High flyers: Why aren't there more women airline pilots?

By Jane Prendergast
BBC News

  • Published
Media caption,
In 2015, BA Senior First Officer Helen Macnamara explained her career path

"It's a career I absolutely love. There's nothing else I'd rather do for my job."

Helen McNamara is a senior first officer flying the Boeing 767 for British Airways. She's been flying for 14 years.

But despite it being nearly five decades since the first woman became a commercial pilot, she's still very much in a minority.

Globally only about 3% of pilots are women - that's about 4,000 out of 130,000 pilots worldwide.

British Airways employs 3,500 pilots, but only 200 are female - and that's more than any other UK airline.

It would like to see more women apply for its training scheme.

And while the number of female applicants increases slightly with every intake, it's still low - and nobody's really clear why.

'Man's job'

Helen says it was only as she grew older she began to think of flying as a career.

"I didn't really know anyone who was a pilot, and it wasn't something I saw as a potential option for a career.

"It wasn't something I was discouraged to do, but I wasn't actively encouraged."

Image source, Dave O'Neill

The BA training scheme is open to people between the ages of 18 and 55.

A recent poll for the airline showed women said they were put off flying as a career because of a lack of visible role models - and because they were told it was a man's job.

In the poll, 20% of those questioned said when growing up, men were pilots on TV and in films, while 20% said they thought women could only be cabin crew. And 13% of the respondents said they had never been on a plane flown by a woman.

Helen says she goes into schools and attends recruitment fairs to talk to young women.

She studied physics at university, but says being brilliant at science or maths is not a necessity for the job.

"On my training course there were people who came from law, there were people who came from architecture, so it's not just a pure science background required," she says.

Much of a pilot's training is carried out in state-of-the-art simulators. It takes 18 months to qualify.

Captain Ian Pringle is one of the BA training team. He says it truly is a non-gender specific job.

Image source, Dave O'Neill
Image caption,
British Airways pilots undergo 18 months of training, including using flight simulators
Image source, Dave O'Neill
Image caption,
Simulators are an exact replica of the airliner the pilot is training to fly

"It doesn't matter if you're male or female," he says.

"We are looking for the people with the aptitude, passion and dedication for the role."

Of course, many women do work in the aviation industry but the British Airline Pilots Association (Balpa) is also keen to see more among its number.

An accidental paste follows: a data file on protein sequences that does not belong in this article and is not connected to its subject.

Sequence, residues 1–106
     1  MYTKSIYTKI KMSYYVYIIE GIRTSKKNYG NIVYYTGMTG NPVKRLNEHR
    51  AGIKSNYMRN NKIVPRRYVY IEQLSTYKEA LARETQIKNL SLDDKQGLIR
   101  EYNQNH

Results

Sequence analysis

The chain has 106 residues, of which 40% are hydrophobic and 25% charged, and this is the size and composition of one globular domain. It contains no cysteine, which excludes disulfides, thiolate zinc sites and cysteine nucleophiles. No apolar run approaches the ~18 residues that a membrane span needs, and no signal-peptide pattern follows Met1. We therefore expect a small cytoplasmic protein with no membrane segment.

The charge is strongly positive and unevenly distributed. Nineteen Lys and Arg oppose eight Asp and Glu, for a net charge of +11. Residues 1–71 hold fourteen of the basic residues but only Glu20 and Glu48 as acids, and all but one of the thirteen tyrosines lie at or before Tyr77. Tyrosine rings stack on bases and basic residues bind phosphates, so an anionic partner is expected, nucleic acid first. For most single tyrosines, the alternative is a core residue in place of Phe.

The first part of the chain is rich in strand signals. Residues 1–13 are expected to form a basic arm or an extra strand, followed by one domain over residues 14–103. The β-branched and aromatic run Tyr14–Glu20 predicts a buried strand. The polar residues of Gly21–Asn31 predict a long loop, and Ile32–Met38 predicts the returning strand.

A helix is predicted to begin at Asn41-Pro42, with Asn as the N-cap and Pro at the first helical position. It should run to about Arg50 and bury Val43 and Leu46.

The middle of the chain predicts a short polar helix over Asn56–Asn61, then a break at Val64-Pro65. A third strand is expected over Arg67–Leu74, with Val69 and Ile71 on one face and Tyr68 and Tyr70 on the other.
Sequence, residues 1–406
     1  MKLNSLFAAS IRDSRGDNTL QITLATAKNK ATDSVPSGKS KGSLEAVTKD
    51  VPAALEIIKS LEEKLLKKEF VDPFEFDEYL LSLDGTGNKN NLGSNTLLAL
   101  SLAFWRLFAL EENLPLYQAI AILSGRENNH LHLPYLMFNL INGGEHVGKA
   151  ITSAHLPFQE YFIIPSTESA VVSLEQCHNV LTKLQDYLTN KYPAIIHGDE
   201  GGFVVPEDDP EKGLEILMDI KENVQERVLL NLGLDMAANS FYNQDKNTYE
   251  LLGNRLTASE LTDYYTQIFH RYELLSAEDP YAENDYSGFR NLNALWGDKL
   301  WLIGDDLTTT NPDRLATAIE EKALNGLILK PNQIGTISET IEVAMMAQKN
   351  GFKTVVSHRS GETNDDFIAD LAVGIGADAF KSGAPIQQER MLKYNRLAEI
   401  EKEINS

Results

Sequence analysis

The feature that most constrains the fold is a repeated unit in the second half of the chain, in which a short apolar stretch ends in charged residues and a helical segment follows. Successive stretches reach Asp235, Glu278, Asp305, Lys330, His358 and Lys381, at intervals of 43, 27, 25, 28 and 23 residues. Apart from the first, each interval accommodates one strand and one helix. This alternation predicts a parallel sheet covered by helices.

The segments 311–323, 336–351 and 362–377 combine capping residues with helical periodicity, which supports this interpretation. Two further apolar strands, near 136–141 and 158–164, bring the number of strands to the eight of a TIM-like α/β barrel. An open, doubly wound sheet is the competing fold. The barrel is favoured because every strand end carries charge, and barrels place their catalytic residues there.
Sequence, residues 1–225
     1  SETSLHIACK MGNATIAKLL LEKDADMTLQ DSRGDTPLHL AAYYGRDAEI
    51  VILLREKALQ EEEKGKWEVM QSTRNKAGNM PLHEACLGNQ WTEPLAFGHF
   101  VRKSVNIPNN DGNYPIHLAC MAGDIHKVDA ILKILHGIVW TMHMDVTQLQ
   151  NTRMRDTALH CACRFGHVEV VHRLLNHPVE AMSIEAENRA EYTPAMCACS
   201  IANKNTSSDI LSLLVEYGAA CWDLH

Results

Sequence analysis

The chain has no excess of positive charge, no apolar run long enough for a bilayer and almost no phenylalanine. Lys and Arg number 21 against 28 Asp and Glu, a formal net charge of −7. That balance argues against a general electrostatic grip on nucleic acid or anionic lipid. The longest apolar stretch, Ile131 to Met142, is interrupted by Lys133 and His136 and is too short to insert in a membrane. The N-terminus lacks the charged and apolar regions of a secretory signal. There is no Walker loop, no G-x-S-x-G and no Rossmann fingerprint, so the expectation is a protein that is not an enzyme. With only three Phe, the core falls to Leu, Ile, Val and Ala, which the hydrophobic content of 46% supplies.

Jim McAuslan, the union's general secretary, says it's "frustrating" that there are still comparatively few.

He believes there is definitely a lack of female role models.

Dynamic career

"Our experience is that people at recruitment fairs are there because they've got a dream," he says.

"85% are there because they have always dreamed of being a pilot. We want women to have that dream as well.

"It is a career that is achievable for everyone. So have the dream."

Helen says she would urge any woman to think about becoming a pilot.

"The variety of people you work with, the varied places you go to and the different challenges each day make it such a dynamic career, I couldn't recommend it highly enough," she says.

And she says she's never had a bad experience - either with passengers or fellow crew.

"In the terminal when we meet passengers they are always extremely positive, and onboard the aeroplane I've always felt a welcome part of the team," she says.

Image source, PA
Image caption,
Polly Vacher became the first woman to fly solo around the world in the smallest aircraft via Australia and the Pacific in 2001 - but the British Airline Pilots Association would like to see more female role models

So although numbers are low, attitudes have moved on from the 1960s, when the first female commercial pilot - Yvonne Pope Sintes - began work.

Yvonne says at the beginning of her career she did face some negativity.

"Initially when I first started, one of the pilots said he would resign if a woman joined, but fortunately he didn't," she says.

"And I then I did find afterwards that the experienced pilots were happy to accept me and help me".

Yvonne agrees that women need to be enthused by the idea of flying when they are young.

"You've got to have a real vocation for flying and maybe young women don't realise what possibilities there are nowadays. I hope that many more will go into it as a job."

She also believes "having a dream" from a young age is key. She says she "fell in love with flying" when she was only eight years old.

Related Internet Links

The BBC is not responsible for the content of external sites.